Some 3.4 billion-year-old fossils have been chemically analysed, and they might be considered the oldest evidence of life in the world.
Information on the fossils
These microfossils discovered in 2011 in the Strelley Pools formation in the Western Australia desert. They are almost as old as the Earth which is said to be 4.5 billion years old.
Sometimes it is hard to differentiate a rock from a fossil, but these particular ones might be from ancient bacteria.
Now an international team of researchers focuses on the chemical analysis of the fossils.
The researchers’ study
The fossils’ chemical spectra have been analyzed in minute detail by them using techniques such as synchrotron-based X-ray, focused ion beam, Raman microspectroscopy, and so on.
Thanks to these high-tech approaches, the researchers find in the recently fractured rock samples film-like organic microfossils.
Their next stage is to make a comparison between their results and Gunflint Formation’s 1.9 billion-year-old fossils from Canada.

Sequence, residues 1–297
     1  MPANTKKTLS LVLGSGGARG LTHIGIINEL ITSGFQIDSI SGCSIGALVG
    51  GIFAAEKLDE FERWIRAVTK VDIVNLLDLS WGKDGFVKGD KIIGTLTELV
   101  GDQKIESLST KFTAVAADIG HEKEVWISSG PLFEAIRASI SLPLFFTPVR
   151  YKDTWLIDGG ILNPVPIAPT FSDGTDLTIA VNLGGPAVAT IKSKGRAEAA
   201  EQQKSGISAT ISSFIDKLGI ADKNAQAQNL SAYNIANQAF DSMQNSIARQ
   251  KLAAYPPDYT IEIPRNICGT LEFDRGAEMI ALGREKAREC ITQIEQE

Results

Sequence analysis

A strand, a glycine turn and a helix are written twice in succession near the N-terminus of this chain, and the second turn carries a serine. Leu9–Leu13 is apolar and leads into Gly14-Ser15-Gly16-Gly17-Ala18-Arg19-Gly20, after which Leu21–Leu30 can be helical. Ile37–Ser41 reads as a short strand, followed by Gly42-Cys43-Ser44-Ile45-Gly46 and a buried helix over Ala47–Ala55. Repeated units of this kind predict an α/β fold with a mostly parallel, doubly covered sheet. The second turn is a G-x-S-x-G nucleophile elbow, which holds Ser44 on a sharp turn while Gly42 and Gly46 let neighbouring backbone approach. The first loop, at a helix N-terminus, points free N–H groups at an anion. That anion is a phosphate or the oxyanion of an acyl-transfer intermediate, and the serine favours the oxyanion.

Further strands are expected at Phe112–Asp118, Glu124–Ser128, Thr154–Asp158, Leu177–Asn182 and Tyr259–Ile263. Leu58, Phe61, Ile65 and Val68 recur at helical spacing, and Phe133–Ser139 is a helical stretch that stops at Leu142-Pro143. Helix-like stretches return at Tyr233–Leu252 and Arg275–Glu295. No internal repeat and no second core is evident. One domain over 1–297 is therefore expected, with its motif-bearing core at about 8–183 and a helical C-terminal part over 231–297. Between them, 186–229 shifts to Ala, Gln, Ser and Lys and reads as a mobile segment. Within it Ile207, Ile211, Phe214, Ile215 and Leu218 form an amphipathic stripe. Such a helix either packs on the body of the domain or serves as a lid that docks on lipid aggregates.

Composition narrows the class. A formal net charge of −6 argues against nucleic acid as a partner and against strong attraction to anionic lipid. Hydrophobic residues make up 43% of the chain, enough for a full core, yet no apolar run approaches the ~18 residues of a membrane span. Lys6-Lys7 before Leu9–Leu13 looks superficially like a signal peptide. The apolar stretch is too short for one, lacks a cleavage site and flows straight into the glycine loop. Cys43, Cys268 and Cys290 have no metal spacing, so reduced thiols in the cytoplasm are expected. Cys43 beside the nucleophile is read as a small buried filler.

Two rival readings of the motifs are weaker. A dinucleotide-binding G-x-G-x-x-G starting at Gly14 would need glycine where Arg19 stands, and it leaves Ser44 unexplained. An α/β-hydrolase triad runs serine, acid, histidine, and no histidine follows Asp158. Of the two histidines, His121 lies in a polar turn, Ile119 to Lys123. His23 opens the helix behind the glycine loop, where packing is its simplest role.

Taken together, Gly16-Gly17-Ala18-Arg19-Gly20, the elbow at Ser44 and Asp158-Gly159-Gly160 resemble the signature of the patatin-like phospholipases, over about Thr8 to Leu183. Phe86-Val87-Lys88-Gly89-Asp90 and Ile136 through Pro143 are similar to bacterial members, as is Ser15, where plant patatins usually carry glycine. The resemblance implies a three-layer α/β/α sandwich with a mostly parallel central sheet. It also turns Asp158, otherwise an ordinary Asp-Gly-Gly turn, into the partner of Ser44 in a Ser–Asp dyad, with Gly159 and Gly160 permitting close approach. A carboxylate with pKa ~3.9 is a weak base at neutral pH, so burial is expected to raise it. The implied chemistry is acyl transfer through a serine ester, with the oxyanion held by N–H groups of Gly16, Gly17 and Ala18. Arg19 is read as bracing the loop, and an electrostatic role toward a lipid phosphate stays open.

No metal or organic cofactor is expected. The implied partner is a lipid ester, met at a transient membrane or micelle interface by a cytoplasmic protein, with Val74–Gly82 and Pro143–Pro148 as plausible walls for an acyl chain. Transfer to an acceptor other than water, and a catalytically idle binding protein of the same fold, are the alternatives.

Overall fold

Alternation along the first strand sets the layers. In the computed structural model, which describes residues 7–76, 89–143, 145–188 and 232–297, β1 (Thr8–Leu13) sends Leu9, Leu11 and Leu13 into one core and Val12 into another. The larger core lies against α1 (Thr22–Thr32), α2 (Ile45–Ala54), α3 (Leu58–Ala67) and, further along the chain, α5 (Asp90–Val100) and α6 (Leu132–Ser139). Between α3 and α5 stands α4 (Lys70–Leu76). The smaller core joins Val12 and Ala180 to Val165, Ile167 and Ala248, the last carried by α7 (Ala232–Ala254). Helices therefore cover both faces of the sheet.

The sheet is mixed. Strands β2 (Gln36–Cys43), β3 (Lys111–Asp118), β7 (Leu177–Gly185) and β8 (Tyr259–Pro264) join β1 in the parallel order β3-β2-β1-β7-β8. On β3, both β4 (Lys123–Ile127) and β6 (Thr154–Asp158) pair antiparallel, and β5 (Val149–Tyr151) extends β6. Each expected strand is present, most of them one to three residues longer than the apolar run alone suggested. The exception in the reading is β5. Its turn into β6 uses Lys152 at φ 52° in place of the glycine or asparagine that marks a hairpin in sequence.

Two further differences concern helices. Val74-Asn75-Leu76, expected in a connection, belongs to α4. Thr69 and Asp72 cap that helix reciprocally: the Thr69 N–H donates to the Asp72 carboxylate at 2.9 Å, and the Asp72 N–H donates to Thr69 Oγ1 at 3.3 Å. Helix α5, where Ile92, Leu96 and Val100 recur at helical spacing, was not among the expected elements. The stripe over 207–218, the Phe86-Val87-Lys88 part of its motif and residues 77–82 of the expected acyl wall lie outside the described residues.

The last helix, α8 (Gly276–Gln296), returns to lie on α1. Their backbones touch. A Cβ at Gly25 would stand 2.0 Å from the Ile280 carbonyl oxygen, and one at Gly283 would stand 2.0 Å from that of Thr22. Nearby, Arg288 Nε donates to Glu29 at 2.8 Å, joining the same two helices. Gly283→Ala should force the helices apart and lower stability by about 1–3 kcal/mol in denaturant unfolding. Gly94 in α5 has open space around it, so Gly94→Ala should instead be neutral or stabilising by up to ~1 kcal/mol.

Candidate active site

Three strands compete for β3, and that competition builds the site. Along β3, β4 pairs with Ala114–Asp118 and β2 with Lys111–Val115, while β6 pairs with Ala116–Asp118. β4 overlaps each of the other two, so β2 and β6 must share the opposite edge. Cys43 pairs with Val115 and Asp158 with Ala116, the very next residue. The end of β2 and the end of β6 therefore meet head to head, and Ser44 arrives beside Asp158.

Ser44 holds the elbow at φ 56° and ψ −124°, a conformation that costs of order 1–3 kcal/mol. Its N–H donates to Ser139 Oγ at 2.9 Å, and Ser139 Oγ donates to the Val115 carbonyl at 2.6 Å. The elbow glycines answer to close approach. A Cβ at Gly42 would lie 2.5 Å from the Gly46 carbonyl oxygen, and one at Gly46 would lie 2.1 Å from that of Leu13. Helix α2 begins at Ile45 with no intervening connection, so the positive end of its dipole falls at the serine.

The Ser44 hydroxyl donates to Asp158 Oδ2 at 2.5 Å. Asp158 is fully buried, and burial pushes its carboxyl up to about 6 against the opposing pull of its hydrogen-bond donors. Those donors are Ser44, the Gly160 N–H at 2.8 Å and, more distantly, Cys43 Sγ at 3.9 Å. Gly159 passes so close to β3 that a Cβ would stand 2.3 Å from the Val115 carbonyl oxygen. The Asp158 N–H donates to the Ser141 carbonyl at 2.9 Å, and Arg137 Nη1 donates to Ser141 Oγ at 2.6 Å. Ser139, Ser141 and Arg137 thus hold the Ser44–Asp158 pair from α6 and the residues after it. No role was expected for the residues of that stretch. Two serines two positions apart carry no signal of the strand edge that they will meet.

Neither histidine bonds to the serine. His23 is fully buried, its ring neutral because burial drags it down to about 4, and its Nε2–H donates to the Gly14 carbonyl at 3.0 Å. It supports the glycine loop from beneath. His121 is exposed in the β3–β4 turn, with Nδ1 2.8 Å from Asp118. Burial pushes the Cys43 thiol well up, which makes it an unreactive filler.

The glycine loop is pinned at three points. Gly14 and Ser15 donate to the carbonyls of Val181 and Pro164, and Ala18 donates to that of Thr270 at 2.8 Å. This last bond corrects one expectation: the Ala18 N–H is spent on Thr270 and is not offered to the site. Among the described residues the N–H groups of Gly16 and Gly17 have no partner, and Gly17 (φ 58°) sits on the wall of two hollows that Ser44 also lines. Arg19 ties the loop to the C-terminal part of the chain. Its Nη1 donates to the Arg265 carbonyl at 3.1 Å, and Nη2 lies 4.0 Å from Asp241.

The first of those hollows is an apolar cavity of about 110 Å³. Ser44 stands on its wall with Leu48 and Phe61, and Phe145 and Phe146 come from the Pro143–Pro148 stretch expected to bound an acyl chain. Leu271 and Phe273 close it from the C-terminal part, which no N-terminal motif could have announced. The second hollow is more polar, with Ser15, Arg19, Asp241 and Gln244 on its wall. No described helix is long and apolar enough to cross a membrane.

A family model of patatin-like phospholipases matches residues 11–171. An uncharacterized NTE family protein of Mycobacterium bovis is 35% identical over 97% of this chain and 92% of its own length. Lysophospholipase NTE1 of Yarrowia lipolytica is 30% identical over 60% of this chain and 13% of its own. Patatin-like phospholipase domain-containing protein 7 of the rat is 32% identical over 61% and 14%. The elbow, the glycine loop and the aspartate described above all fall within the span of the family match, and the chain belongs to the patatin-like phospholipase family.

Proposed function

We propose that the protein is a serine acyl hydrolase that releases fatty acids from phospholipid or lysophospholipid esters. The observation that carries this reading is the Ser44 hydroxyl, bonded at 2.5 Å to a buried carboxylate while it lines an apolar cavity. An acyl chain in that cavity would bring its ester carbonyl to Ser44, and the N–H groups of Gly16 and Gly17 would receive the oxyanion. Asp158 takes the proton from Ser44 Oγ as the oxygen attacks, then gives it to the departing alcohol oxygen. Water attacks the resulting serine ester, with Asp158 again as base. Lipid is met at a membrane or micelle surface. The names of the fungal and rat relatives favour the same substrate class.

The team has also made a comparison with common bacteria, and they along with the 1.9 billion-year-old fossils and the 3.4 billion-year-old ones have similar absorption features which state that the Stelley fossils are proof of life.
The competition between fossils
The researchers admit that the excellent preservation of the fossils is remarkable. According to their molecular structure, they survived 300 degrees Celsius (572 degrees Fahrenheit) temperatures for extended periods of times throughout their life.
Unfortunately, the competition is not natural as fossils found in Greenland in Isua called Stromatolites are 3.7 billion years old and are said to contain “carbonaceous compounds, with isotopic ratios that are compatible with a biogenic origin.”
There is still to be seen which fossils will win the battle for the proof of life.